March 5 (UPI) -- On this date in history:
In 1770, British troops killed five colonials in the so-called Boston Massacre, one of the events that led to the American Revolution.
In 1917, President Woodrow Wilson was publicly inaugurated for his second term. He had a private, official inauguration a day earlier.
In 1933, in German elections, Adolf Hitler's Nazi Party won nearly half the seats in the Reichstag (the Parliament).
In 1946, Winston Churchill, in a famous speech in Fulton, Mo., stated that a Soviet Union "Iron Curtain" had "descended across" Europe.
In 1953, the Soviet Union announced that dictator Joseph Stalin had died at age 73. Stalin had been in a coma after having a massive stroke four days earlier.
In 1963, Wham-O patented the Hula Hoop, which then became a fad across the country. The company's co-founders, Richard Knerr and Arthur "Spud" Melin died in 2008 and 2002, respectively.
In 1984, the Standard Oil Co. of California, also known as Chevron, bought Gulf Corp. for more than $13 billion in the largest business merger in U.S. history at the time.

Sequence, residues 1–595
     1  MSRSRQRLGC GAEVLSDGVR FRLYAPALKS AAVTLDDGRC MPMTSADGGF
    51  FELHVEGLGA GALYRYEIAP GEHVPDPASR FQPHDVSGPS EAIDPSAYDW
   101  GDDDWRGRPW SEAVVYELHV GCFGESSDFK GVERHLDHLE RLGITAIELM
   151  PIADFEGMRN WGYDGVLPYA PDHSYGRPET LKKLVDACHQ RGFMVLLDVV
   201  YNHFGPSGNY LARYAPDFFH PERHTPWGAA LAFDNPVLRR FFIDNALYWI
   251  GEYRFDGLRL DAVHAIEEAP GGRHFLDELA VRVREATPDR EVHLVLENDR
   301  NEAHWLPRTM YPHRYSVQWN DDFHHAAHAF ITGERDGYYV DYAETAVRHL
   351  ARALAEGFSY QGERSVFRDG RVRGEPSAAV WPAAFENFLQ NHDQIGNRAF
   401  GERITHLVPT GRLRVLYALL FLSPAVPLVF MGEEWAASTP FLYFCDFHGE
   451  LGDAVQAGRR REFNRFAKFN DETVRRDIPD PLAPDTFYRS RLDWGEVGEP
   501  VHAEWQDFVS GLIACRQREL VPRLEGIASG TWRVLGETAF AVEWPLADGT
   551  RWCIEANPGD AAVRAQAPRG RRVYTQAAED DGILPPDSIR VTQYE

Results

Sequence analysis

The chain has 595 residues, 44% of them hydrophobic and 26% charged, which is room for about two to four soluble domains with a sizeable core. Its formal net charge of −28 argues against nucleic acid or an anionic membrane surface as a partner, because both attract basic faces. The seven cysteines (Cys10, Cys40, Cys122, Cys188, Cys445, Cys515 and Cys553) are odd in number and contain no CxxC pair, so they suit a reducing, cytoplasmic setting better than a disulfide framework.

In 1993, Canada's Ben Johnson, once called the world's fastest human, tested positive for performance-enhancing drugs and was banned for life from track competition.
In 2011, archaeologists renovating the Rio de Janeiro harbor for the 2016 Olympics reported uncovering the remains of a 19th-century port where thousands of people arrived from Africa and were sold into slavery.
In 2013, Venezuelan President Hugo Chavez died at age 58 and Vice President Nicolas Maduro ascended to the presidency.
In 2014, the New York-based College Board announced plans for a major overhaul of the SAT test -- the college entrance exam -- to take effect in 2016.
In 2018, North Korean leader Kim Jong Un met with South Korean officials for the first time since becoming leader. The special envoys of South Korean President Moon Jae-in were on a mission to broker denuclearization talks between North Korea and the United States.
In 2020, Sen. Elizabeth Warren suspended her campaign for the Democratic presidential nomination after failing to win a single state primary.